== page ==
The original terminus of the 1830 Liverpool and Manchester Railway (L&MR) was located at Crown Street, in Edge Hill, to the east of and outside the city centre. A new station in the city centre was needed. Construction of a purpose-built station at Lime Street in the city centre began in October 1833; the land was purchased from Liverpool Corporation for £9,000. A twin track tunnel was constructed between Edge Hill and the new station before the station was built in 1832; it was used to transport building materials for the station. The architects were Cunningham and Holme, and John Foster Jr.. The station opened to the public in August 1836, although construction was not completed until the following year. This building was designed with four large gateways, two of which were intentionally nonfunctional. Due to the steep incline uphill from Lime Street to Edge Hill, trains were halted at Edge Hill. Locomotives were removed from the trains and the passenger carriages were taken down by gravity, with the descent controlled by brakemen in a brake van. The return journey was achieved by using a stationary steam engine, located at Edge Hill, to haul the carriages up to Edge Hill by rope. This system, constructed by Mather, Dixon and Company under the direction of John Grantham, ended in 1870.
Within six years of opening, the rapid growth of the railways required expansion of the original station. A plan was formed to erect an iron roof similar to that found at Euston station in London, a ridge roof supported by iron columns. However, Richard Turner and William Fairburn submitted a design for a single curved roof, which won the approval of the station committee. The work cost £15,000 and was completed in 1849 with the involvement of William Tite. Meanwhile, in 1845, the L&MR had been absorbed by its principal business partner, the Grand Junction Railway (GJR); the following year the GJR became part of the London and North Western Railway. A group of four columns, adjoining platform 1 and attributed to Edward Woods, date to the 1846-50 rebuild of the station. By 1857, two granite columns had been erected outside the station entrance, and had become known as the "Candlesticks". In 1867 further expansion was needed and included the present northern arched train shed. Designed by William Baker and Francis Stevenson and with a span of 200 feet (61 m), it was the largest in the world at the time. It was also the first train shed in which iron was used throughout. A second parallel southern train shed was completed in 1879, designed by Stevenson and E.W. Ives; notably, it was of dry construction and each bay took only three days to build.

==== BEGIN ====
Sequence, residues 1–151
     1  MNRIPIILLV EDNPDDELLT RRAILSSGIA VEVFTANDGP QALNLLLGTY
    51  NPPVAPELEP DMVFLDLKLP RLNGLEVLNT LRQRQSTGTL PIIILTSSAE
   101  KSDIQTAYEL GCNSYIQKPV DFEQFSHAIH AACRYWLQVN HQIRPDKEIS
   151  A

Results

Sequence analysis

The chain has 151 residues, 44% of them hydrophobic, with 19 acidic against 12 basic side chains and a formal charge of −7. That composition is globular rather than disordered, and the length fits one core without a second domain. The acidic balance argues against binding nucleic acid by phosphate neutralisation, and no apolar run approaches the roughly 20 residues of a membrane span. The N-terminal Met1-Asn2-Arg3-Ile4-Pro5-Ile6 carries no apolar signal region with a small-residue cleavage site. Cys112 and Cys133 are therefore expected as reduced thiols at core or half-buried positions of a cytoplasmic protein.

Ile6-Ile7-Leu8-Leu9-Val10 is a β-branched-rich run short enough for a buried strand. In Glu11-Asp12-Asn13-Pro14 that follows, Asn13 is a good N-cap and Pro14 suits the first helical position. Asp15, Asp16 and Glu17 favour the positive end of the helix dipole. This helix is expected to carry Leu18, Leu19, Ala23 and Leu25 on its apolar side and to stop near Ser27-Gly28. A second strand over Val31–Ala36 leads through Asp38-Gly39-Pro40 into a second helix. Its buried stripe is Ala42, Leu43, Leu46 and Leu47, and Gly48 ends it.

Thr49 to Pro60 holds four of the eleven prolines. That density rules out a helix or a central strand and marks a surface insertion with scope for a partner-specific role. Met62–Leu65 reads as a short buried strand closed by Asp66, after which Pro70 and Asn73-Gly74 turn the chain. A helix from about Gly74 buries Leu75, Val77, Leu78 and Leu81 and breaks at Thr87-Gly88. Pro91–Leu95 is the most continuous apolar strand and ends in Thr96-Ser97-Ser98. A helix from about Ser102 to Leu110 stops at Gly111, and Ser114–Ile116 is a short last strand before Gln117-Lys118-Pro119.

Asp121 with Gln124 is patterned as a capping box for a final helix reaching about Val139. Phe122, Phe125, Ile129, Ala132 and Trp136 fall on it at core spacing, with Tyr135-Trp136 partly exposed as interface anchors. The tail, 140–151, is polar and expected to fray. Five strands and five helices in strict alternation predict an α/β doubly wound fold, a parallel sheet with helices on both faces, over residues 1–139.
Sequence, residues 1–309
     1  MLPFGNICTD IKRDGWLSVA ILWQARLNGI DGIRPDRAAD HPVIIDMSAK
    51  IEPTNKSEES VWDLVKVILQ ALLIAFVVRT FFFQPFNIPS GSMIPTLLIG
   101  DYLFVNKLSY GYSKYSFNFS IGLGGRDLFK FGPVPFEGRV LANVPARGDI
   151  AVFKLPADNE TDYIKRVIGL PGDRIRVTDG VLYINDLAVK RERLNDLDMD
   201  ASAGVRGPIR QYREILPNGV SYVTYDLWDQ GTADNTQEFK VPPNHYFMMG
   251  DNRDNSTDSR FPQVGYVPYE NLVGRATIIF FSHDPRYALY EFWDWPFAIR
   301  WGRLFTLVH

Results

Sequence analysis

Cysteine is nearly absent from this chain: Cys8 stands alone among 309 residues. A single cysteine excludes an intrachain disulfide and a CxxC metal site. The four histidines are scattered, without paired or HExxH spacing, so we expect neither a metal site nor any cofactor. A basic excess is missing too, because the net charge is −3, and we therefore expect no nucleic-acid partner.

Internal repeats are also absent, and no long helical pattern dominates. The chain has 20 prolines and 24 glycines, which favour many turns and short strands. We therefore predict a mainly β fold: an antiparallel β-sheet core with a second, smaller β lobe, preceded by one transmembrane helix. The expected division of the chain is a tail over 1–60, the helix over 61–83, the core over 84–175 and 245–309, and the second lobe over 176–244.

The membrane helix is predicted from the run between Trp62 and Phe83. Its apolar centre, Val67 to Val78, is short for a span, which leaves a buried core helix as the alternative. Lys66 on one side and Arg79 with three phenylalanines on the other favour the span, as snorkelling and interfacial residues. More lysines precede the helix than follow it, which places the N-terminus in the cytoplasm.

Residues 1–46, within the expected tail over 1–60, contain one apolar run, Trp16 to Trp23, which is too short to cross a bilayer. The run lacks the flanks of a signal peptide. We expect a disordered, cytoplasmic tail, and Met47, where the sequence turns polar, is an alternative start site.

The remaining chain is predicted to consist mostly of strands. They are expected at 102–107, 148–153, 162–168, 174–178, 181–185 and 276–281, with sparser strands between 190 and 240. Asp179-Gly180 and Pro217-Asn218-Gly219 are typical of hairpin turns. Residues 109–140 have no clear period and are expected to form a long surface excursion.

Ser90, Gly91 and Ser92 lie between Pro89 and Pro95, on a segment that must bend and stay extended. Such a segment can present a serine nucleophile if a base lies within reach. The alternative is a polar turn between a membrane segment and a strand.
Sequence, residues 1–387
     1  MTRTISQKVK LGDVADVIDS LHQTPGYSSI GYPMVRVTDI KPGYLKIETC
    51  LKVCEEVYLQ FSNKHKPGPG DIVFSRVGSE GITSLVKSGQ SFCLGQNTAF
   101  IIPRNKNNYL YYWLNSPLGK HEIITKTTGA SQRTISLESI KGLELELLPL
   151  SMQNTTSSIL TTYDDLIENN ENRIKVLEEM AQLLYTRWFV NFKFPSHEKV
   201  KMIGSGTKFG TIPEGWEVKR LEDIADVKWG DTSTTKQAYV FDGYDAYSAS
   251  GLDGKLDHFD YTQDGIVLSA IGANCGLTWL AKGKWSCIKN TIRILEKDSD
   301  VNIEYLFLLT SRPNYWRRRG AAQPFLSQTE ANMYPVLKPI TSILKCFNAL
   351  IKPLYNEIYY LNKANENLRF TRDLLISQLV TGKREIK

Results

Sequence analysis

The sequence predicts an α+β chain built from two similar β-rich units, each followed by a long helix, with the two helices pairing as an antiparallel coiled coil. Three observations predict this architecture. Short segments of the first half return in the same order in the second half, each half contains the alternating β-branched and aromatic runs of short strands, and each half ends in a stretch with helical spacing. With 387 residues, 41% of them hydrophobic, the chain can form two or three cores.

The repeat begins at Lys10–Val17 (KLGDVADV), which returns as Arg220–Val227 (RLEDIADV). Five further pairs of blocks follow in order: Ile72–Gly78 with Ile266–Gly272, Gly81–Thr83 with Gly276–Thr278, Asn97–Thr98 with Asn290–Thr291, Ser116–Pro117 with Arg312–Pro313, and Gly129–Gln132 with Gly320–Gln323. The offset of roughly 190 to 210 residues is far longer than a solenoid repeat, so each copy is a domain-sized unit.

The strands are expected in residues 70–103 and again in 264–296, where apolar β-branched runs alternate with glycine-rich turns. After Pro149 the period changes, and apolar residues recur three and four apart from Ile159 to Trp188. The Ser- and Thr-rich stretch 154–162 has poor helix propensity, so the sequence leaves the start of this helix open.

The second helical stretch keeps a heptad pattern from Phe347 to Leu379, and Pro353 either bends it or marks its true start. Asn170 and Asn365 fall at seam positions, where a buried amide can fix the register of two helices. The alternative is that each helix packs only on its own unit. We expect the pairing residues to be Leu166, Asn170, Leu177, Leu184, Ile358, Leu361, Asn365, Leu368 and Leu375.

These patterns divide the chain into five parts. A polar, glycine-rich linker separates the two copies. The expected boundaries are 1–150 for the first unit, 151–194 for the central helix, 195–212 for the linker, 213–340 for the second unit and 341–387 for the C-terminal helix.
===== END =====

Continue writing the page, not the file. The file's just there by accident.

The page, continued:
Upon nationalisation in 1948, the station passed to the London Midland Region of British Railways. Lime Street's present signal box was commissioned on 28 January 1948. The station concourse was redeveloped in 1955. In 1959, preparations began at Lime Street for the first stage of electrification of the West Coast Main Line. On 1 January 1962, electric services between Lime Street and Crewe officially began. On 18 April 1966, the station hosted the launch of its first InterCity service, introducing a 100 mph (160 km/h) service between Liverpool and London. On 11 August 1968, the Fifteen Guinea Special, a return service to Carlisle, was hauled by the Black Five locomotive 45110 from Liverpool to Manchester Victoria and back. The train arrived back at Lime Street at 7:58 pm, marking the end of British Railways' final steam-hauled mainline passenger journey. An office tower block named Concourse House and a row of small shops used to stand outside the southern train shed, obscuring the arches. These dated from the 1960s, and by the 2000s had become run down. They were demolished as part of a comprehensive refurbishment completed in 2010.
Liverpool Lime Street is divided into two sections: the mainline station, which offers national inter-city and regional overground services including local City Line routes, and services on the Wirral Line on the Merseyrail network, located underground between the mainline station and St George's Hall. Access between Lime Street lower level and Lime Street main line concourse is via a lift. There is an induction loop, help points and lost property. Toilets, booking offices, shops, a left-luggage office, taxi ranks and coffee bars are amongst the facilities provided. The main booking office is operated by Northern. The concourse of the station contains several shops, including branches of M&S Simply Food, Burger King, Caffè Nero, Costa Coffee, Boots and WHSmith. Car parking is managed by APCOA. The station also has two taxi ranks. The underground station consists of a single platform, alongside the Liverpool Loop tunnel, a single track tunnel bored in the 1970s, and a ticket hall above. The station, opened in 1977, is connected to the mainline station by means of a pedestrian subway and escalators, accessed via a long passageway which crosses beneath Lime Street itself, and by a lift from the main concourse. As part of a programme of improvements by Merseytravel, the underground station has been fitted with automatic ticket barriers and machines. A new M to Go shop was opened in late 2011. The underground station had WiFi installed in January 2016. In March 2016, it was announced that the Wirral Line loop will be having its track renewed. The underground station will therefore be closed between 3 January 2017 and 18 June 2017 whilst these works take place. See the Live Departures link below for bus departures.
Local Taxis 0151 298 2980, 0151 708 7080
Connections: The station has direct bus services to the Liverpool One bus station on the 10A, C4 and C5 routes, and from the bus station on the 86, 86A, 86C and 86D routes. The bus services are provided by Arriva, Stagecoach and Cumfybus.